Journal of Information Systems Education (JISE)

Volume 30

Volume 30 Issue 1, Pages 57-66

Winter 2019

The Role of Flow in Learning Distributed Computing and MapReduce Concepts using Hands-On Analogy

Colin Conrad
Dalhousie University
Halifx, NS B3H 4R2, Canada

Michael Bliemel
University of Ontario Institute of Technology
Oshawa, ON L1H 7K4, Canada

Hossam Ali-Hassan
York University
Toronto, ON M4N 3M6, Canada

Abstract: The expansion of technical concepts into everyday business practices suggests a need for effectively teaching difficult subjects to non-technical users. This paper describes hands-on analogy, an innovative method for teaching technically difficult concepts using interactive, experiential learning activities and a gamified exercise. We demonstrate our technique by investigating Hadoop Hands On, an exercise designed to teach MapReduce. Students experienced how MapReduce functions work conceptually by envisioning students as compute and tracking nodes in a Hadoop system and playing cards as data processed to complete two tasks of varying complexity. A study of 56 students was conducted to validate the exercise and demonstrated the impact of triggered flow on perceived understanding. The main contributions of this work are 1) an alternative learning approach that communicates a technically difficult concept through analogy and 2) the demonstration of the role of flow in facilitating learning using this approach. We recommend using this approach to teach technically difficult concepts to non-technical students who can more easily comprehend the benefits of distributed computing methods interactively in a way that complements the traditional lecture approach.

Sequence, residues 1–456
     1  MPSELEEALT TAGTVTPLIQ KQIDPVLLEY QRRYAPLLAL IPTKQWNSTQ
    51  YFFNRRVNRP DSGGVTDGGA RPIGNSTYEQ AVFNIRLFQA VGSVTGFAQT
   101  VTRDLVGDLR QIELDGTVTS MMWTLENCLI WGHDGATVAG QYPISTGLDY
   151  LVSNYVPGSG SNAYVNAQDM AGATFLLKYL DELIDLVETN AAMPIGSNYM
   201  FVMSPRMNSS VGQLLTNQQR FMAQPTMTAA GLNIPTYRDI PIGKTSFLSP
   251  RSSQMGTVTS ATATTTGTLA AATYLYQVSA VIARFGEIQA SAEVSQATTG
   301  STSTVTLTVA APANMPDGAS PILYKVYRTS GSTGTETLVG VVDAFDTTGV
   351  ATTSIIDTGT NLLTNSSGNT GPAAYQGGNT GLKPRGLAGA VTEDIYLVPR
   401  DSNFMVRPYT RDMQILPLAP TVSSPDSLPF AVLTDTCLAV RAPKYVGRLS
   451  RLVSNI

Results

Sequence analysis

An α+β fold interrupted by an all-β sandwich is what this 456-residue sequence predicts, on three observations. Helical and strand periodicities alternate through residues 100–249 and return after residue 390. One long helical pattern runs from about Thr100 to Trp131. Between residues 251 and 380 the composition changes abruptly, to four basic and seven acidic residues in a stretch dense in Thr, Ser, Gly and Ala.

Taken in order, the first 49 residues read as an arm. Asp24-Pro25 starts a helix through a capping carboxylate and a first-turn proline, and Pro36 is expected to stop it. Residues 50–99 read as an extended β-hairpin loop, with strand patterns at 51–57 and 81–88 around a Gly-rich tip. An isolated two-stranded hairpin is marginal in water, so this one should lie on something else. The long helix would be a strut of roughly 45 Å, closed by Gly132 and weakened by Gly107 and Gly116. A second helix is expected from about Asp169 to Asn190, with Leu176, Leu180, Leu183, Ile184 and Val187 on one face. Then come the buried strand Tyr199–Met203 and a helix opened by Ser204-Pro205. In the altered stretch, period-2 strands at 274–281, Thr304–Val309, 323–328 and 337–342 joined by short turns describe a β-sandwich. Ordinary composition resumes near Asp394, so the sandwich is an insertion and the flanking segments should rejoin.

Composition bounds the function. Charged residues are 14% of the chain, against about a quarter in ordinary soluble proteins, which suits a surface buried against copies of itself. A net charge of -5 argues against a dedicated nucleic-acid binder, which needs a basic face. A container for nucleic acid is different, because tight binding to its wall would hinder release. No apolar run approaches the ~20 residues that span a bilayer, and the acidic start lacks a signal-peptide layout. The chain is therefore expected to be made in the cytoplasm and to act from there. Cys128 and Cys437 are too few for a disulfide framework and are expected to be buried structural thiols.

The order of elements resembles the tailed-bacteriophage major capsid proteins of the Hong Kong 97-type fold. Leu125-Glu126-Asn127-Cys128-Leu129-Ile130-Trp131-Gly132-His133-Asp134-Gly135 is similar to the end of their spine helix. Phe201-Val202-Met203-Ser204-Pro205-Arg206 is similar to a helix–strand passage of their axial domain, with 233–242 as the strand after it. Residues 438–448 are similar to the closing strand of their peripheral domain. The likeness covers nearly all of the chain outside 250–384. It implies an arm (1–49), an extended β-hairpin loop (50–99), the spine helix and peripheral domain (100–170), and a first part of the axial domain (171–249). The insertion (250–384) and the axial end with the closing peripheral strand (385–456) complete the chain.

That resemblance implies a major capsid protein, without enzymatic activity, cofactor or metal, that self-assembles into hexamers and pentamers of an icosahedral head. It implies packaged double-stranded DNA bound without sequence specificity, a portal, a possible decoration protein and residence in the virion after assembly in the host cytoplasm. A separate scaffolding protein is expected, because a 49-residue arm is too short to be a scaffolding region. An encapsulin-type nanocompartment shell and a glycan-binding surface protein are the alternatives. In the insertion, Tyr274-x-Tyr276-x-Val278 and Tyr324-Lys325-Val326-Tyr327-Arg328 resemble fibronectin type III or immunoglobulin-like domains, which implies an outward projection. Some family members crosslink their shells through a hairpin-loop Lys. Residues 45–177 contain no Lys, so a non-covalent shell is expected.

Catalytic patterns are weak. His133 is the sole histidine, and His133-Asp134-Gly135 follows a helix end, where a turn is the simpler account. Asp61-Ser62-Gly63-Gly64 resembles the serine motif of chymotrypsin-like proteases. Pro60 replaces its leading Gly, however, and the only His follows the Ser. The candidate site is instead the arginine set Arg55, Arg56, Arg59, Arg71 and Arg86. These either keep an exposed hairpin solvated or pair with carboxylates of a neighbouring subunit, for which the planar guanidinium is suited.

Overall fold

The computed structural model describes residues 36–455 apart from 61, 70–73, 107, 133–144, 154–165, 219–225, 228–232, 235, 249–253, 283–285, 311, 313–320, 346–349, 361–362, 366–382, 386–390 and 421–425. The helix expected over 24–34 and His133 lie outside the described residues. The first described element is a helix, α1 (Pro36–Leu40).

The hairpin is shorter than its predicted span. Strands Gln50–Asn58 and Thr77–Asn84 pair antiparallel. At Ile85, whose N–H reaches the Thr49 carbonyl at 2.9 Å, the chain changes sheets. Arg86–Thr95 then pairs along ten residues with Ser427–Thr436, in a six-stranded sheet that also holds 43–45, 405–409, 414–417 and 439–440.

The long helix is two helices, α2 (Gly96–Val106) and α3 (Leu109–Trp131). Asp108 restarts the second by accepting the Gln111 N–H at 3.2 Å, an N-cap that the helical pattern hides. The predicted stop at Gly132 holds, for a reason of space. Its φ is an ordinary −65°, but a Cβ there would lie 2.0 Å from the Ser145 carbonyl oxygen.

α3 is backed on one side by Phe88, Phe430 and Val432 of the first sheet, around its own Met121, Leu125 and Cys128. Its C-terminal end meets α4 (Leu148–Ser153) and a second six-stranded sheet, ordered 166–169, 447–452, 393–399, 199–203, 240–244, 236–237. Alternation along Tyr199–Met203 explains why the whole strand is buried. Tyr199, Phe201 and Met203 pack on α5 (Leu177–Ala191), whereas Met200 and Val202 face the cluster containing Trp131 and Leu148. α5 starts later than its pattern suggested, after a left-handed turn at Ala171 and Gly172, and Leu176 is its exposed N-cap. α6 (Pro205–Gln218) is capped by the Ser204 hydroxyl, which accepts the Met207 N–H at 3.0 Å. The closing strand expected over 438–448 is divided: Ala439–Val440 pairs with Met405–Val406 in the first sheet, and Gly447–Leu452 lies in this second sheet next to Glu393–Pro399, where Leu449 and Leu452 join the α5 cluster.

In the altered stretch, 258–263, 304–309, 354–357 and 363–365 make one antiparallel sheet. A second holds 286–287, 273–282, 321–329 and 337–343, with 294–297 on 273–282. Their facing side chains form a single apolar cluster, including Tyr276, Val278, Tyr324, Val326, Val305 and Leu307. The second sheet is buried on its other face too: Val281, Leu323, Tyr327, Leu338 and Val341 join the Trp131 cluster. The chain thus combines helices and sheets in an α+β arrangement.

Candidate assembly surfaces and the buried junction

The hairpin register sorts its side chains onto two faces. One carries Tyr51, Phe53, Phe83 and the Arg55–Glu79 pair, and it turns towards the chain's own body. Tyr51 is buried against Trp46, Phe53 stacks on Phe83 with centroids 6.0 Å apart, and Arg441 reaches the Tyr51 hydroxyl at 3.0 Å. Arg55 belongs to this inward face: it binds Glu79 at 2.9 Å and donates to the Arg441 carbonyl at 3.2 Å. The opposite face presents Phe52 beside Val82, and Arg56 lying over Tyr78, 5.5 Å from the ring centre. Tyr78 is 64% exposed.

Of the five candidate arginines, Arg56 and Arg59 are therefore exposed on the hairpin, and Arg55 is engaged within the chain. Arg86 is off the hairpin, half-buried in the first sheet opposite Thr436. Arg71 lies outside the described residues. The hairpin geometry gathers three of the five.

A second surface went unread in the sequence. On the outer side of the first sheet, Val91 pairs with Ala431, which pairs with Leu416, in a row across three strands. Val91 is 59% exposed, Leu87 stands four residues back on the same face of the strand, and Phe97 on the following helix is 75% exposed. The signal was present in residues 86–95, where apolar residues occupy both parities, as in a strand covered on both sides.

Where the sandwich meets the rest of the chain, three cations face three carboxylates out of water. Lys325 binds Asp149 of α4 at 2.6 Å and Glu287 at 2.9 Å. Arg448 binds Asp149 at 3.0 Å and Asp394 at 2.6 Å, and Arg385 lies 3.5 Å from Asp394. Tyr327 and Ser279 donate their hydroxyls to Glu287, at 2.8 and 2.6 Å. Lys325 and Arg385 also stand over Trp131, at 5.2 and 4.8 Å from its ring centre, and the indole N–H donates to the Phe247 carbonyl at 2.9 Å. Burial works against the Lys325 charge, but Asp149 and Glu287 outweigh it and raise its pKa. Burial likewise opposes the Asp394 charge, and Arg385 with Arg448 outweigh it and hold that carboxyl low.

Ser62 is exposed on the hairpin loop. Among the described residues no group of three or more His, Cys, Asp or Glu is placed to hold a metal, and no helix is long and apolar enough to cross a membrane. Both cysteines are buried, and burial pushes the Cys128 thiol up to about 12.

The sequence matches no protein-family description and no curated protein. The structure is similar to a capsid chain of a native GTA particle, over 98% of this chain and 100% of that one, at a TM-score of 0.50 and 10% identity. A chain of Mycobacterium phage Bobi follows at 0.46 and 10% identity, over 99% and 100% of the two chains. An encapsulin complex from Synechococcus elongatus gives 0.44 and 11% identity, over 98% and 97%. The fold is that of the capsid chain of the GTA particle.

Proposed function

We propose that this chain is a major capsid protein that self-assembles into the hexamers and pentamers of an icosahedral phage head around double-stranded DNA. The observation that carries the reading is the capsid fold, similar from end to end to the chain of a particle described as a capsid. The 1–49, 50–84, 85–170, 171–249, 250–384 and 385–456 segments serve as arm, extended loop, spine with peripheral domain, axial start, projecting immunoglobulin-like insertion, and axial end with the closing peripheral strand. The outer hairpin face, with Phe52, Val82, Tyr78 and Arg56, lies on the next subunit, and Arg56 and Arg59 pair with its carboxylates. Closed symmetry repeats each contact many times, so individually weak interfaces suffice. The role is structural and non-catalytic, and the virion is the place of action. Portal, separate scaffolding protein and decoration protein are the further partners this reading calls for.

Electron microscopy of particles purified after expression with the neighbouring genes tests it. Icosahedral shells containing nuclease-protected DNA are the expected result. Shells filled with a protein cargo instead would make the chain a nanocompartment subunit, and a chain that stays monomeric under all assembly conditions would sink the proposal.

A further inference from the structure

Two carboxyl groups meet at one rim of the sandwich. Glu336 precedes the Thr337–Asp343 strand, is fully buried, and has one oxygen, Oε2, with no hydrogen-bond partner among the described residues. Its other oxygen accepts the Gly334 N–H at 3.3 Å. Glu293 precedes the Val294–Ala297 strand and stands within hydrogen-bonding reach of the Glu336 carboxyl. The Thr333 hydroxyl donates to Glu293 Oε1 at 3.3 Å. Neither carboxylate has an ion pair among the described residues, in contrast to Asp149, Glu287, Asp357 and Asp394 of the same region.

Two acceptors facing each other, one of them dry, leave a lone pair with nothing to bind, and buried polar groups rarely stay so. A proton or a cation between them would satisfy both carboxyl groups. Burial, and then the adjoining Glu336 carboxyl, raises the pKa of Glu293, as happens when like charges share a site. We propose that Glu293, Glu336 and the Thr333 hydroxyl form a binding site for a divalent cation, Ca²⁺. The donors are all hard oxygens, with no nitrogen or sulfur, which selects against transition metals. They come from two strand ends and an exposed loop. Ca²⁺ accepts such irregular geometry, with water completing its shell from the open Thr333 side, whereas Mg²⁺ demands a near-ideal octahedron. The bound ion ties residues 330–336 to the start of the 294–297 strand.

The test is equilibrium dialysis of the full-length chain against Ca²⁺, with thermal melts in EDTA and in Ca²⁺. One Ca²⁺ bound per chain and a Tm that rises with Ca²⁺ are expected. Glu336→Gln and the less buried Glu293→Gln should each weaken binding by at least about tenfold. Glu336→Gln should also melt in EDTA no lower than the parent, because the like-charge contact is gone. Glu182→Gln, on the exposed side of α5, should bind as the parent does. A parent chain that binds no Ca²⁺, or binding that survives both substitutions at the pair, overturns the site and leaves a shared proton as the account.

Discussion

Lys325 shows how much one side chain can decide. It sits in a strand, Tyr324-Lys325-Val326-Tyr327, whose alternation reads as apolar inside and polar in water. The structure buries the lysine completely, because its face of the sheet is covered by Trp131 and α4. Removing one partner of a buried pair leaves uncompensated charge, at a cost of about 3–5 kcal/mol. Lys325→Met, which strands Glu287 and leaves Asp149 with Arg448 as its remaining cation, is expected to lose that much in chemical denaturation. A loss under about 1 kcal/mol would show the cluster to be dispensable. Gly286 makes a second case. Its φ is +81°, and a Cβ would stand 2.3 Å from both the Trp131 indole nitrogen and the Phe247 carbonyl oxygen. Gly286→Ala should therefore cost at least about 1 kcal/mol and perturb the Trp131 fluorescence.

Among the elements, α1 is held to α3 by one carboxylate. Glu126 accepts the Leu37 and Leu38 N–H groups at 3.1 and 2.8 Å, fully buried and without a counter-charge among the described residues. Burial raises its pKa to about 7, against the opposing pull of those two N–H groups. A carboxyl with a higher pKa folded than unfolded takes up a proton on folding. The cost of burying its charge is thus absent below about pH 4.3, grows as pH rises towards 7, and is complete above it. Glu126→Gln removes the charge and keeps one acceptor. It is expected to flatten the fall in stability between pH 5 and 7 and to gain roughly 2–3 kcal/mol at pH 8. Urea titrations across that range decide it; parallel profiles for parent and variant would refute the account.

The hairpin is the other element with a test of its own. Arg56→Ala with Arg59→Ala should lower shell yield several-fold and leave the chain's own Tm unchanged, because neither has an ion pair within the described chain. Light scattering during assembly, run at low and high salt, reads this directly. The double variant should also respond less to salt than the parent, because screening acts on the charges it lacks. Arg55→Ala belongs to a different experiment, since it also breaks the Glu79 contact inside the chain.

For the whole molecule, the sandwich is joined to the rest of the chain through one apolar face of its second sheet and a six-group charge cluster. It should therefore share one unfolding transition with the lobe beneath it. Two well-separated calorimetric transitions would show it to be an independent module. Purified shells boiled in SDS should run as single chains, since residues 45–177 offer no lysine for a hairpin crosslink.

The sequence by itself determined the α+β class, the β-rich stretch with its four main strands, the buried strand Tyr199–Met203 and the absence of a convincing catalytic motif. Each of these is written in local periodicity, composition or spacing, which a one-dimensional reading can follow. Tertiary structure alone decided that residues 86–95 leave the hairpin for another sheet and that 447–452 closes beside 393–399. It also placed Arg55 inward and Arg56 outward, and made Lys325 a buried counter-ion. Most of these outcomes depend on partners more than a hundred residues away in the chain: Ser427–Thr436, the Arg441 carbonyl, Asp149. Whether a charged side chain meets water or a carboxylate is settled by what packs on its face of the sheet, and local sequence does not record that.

Keywords: Active learning, Analogy learning, Game-based learning, Big data

Download this article: JISE - Volume 30 Issue 1, Page 57.pdf

Recommended Citation: Conrad, C., Bliemel, M., & Ali-Hassan, H. (2019). The Role of Flow in Learning Distributed Computing and MapReduce Concepts using Hands-On Analogy. Journal of Information Systems Education, 30(1), 57-66.